One Month on, Japan's Tsunami Families Find Hope Comes in a Green BoxBy Shelterbox, PRNE
Sunday, April 10, 2011
HELSTON, England, April 11, 2011 - Thousands of families who lost their homes in the Japanese earthquake and
tsunami one month ago are being helped by UK-based disaster relief charity,
2,200 ShelterBoxes are now in the country and 1,000 more are en route -
enough aid for over 3,000 extended families.
John Leach, head of operations at ShelterBox said: 'Despite the hurdles
of a fuel shortage, severe aftershocks, a nuclear exclusion zone and freezing
temperatures, our team have managed to reach out to help a large number of
'We are particularly concerned about families still living in their cars
one month on. It's been a bitterly cold season in Japan and the health of
vulnerable groups like the elderly, ill and the very young will be suffering.
It's vital that we continue to ramp up our aid efforts and get good quality
emergency shelter and survival equipment out to those that need it.'
There are currently eight ShelterBox Response Team volunteers working in
the Sendai area. The teams are working with local authorities and Rotarians
to distribute aid to families and individuals like Toshi Iche Iwasa, an 80
year old man from Yamamoto, a town near Sendai.
Mr Iwasa had been living with two of his family members in the back of
his vehicle after losing his home in the tsunami on 11 March.
When the earthquake and tsunami struck, he was picking strawberries at
the family farm.
'The earthquake was so strong it is difficult to describe. Everything
began to shake and I took cover on the ground. When I tried to pick myself up
I couldn't and my wife was only able to crawl across the floor towards me. In
the 80 years of my life I have experienced many earthquakes but nothing like
As soon as he heard the tsunami warning he and his wife headed straight
to his car and drove for higher ground.
'We never expected the tsunami to be the size and scale that it was. Our
home was completely destroyed; crushed by debris in the wave. Our scattered
belongings were swept out to sea.'
Mr Iwasa added he was lucky because his children and two grandchildren
made it to higher ground but their homes were also destroyed.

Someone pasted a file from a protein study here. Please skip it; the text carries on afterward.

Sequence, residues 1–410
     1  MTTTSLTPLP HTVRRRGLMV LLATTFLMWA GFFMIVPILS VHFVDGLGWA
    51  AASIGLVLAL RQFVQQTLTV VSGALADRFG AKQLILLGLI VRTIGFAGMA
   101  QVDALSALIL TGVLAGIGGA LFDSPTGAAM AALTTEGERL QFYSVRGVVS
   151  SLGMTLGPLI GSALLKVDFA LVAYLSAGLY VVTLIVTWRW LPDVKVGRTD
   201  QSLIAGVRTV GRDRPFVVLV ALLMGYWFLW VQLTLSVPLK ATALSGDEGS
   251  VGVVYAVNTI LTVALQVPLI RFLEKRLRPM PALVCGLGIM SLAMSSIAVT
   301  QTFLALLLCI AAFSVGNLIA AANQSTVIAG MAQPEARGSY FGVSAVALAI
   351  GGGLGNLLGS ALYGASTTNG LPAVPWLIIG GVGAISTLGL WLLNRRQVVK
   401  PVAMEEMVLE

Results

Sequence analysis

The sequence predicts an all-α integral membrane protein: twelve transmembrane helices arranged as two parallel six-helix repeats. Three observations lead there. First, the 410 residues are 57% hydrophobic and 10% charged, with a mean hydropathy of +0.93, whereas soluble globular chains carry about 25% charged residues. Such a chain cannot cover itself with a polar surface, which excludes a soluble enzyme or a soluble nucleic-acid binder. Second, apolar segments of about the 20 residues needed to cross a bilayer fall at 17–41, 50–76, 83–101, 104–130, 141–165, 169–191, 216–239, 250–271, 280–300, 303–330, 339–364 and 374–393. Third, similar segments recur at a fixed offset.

Since that time, they have all been living in their vehicles. Now, Mr
Iwasa and eight of his relatives are living in a ShelterBox tent.
American ShelterBox volunteer Mark Dyer said: 'It was great to move Mr
Iwasa and his family into one of our tents. He was so excited to talk to his
family and let them know they could start living together.
'He was amazed that donors from all over the world work with ShelterBox
to bring this type of lifesaving equipment to people who lose everything in a
'He just kept saying "Arigato, ShelterBox. Thank you, ShelterBox".'
Public donations are vital to ShelterBox's continuing work. To make a
donation please ring +44(0)300-0300-500 or go to www.shelterbox.org
to donate online and get the latest updates on our response to disasters
around the world.
NOTES TO EDITORS (1)
- For more information on where ShelterBox has delivered aid in the last
decade, go to www.shelterbox.org/deployments.php
NOTES TO EDITORS (2)
ShelterBox is an international disaster relief charity that provides
emergency shelter and life-saving supplies to families around the world who
are affected by disasters. In ten short years ShelterBox have responded to
earthquakes, floods, volcanoes, tsunamis, hurricanes, landslides, typhoons
and conflict, delivering lifesaving aid to families across the globe at a
time when they need it the most.
ShelterBox aims to help the areas where the need is greatest by providing
shelter, warmth, comfort and dignity to families in the immediate aftermath
of a disaster. Each big, green ShelterBox is tailored to every disaster but
typically contains a disaster relief tent for an extended family, blankets,
water purification and storage equipment, cooking utensils, a stove, a basic
tool kit, a children's activity pack and other vital items.
From the 2004 Indian Ocean Tsunami to the 2010 Haiti earthquake, there is
no disaster too big or too small for ShelterBox. Simply put, if there is an
unmet need for emergency shelter, the charity will do everything in its power
to meet that need.
ShelterBox relies entirely on public donations and could not operate
without the generosity of people the world over. A box can be sponsored for
GBP590 - this takes into account the costs of all materials, packing,
storage, transport worldwide and delivery to families most in need at a time
of disaster by a team of highly trained volunteers.
Since its inception in 2000, ShelterBox has firmly established itself at
the forefront of international disaster relief, providing emergency shelter
for the people who need it most on every continent.
For all the latest information on ShelterBox's work around the world,
including ways you can help, please visit www.shelterbox.org.
For high resolution images you can either contact Katy Creates on +44(0)1326-569782 or KatyC at shelterbox.org or go to www.flickr.com/photos/shelterboxuk/sets/. For more information on ShelterBox please contact Katy Creates on +44
(0)1326 569782 or 0044 (0)7584 489194.
Tags: April 11, England, Helston, Shelterbox, United Kingdom